On 26 May, German health officials announced that cucumbers from Spain were identified as a source of the E. coli outbreak in Germany.[25] On 27 May 2011, German officials issued an alert distributed to nearby countries, identifying organic cucumbers from Spain and withdrawing them from the market.[14] The European Commission on 27 May said that two Spanish greenhouses that were suspected to be sources had been closed, and were being investigated.[26][27] The investigation included analyzing soil and water samples from the greenhouses in question, located in the Andalusia region, with results expected by 1 June.[28] Cucumber samples from the Andalusian greenhouses did not show E. coli contamination,[29][30][31] but a cross-contamination during transport in Germany or distribution in Hamburg are not discounted; in fact, the most probable cause is cross-contamination inside Germany.[32][33] The Robert Koch Institute advises against eating raw tomatoes, cucumbers and lettuces in Germany to prevent further cases.[34]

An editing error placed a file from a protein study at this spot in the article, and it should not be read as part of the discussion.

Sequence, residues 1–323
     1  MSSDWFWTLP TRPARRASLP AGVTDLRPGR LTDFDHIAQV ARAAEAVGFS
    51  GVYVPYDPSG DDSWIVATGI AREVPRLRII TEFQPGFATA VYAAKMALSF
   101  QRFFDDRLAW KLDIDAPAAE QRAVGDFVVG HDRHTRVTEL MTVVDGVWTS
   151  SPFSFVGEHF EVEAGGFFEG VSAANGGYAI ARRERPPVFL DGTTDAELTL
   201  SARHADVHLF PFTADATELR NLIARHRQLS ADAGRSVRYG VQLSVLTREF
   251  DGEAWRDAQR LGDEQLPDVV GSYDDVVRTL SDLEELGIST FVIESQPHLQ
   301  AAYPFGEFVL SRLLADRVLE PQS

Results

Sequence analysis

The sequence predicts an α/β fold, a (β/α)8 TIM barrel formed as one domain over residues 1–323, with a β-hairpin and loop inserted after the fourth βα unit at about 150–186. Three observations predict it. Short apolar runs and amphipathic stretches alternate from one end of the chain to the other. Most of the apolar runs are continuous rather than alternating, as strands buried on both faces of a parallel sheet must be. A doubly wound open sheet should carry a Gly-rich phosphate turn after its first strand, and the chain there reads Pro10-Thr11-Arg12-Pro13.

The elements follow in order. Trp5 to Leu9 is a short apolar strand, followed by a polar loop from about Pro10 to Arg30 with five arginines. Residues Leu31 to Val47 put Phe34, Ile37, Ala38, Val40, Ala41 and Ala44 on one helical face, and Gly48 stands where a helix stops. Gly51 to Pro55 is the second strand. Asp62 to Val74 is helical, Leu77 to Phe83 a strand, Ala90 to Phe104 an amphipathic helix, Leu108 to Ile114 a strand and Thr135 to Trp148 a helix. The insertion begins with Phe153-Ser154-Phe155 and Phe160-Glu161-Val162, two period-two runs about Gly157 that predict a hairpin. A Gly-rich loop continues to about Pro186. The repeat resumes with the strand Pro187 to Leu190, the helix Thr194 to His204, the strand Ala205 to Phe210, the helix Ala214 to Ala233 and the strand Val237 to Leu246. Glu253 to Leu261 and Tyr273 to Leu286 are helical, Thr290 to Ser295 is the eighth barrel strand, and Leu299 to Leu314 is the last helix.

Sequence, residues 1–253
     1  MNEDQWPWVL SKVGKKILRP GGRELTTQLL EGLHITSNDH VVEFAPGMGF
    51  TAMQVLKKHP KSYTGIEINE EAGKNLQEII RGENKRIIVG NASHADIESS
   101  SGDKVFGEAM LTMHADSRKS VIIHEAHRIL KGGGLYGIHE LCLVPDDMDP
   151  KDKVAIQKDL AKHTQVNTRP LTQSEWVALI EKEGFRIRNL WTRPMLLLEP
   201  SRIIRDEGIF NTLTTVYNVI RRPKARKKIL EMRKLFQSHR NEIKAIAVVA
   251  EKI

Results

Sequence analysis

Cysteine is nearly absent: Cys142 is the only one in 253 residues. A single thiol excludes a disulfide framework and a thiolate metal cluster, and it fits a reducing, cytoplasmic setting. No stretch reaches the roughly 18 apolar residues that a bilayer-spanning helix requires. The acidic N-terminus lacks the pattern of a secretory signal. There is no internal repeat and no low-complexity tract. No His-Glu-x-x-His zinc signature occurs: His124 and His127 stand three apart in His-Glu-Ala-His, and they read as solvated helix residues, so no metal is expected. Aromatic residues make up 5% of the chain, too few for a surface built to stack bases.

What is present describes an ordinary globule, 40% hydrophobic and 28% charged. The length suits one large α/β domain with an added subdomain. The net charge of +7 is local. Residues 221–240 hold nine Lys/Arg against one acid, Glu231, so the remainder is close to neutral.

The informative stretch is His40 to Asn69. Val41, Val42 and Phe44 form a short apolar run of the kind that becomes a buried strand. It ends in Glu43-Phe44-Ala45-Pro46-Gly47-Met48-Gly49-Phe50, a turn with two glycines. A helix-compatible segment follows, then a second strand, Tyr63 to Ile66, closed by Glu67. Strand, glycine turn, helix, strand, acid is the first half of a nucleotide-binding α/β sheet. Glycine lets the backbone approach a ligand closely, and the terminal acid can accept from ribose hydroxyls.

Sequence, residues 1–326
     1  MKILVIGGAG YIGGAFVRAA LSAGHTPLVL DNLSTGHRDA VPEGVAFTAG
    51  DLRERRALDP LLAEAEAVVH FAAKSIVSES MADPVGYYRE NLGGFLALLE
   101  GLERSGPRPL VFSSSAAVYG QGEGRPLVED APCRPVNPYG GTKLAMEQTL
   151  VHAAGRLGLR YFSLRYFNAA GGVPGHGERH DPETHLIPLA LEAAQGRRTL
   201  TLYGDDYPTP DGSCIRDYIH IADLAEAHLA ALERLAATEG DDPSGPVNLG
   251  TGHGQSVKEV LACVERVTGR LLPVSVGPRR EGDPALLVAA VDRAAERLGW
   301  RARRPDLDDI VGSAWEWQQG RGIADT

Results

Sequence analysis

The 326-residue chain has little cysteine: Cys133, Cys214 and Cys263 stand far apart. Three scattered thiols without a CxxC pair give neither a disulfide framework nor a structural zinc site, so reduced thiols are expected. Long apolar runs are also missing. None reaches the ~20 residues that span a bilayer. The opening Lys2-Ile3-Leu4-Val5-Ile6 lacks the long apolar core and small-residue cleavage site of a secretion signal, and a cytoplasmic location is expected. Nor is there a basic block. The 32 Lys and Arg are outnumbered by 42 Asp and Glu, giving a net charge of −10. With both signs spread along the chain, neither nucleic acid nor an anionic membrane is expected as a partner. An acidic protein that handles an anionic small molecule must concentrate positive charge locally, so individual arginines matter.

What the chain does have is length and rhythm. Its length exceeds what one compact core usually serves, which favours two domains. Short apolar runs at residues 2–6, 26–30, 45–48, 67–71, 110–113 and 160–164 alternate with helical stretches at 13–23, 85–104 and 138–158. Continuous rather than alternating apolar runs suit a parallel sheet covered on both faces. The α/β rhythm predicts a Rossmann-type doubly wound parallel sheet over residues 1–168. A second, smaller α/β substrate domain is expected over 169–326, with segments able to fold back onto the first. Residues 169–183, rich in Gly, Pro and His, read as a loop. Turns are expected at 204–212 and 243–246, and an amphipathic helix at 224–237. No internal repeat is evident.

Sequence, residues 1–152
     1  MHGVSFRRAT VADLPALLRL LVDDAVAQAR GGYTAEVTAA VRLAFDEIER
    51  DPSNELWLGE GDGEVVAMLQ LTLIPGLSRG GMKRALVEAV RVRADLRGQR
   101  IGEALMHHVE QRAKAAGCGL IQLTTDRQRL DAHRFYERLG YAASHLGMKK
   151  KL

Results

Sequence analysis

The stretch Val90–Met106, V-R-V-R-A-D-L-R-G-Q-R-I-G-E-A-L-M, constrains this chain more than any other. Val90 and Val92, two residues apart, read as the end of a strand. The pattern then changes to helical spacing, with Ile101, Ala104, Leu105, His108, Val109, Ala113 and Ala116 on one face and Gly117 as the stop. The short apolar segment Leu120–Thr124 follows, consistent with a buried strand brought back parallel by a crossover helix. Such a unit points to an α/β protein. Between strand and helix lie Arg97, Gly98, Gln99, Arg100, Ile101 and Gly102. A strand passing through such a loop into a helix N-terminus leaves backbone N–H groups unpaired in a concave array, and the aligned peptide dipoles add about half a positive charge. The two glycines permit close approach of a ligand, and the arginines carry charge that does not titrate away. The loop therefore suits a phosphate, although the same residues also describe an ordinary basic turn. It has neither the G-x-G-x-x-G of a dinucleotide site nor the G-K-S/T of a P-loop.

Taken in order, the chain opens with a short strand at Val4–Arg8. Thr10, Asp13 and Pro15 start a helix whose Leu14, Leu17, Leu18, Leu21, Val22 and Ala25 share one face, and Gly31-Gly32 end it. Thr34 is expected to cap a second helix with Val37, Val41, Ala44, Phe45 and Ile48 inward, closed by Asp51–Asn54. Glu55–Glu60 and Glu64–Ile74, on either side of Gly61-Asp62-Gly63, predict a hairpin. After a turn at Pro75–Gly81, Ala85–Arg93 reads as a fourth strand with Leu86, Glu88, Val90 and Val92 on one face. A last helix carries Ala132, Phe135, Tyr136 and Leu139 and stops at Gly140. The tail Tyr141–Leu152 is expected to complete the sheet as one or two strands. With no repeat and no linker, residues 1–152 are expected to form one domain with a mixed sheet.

On 31 May, an EU official said that the transport chain was so long that the cucumbers from Spain could have been contaminated at any point that occurred along the transit route.[35] Spanish officials, said before that there was no proof that the outbreak originated in Spain; Spanish Secretary of State for European Affairs Diego López Garrido said that "you can't attribute the origin of this sickness to Spain."[27]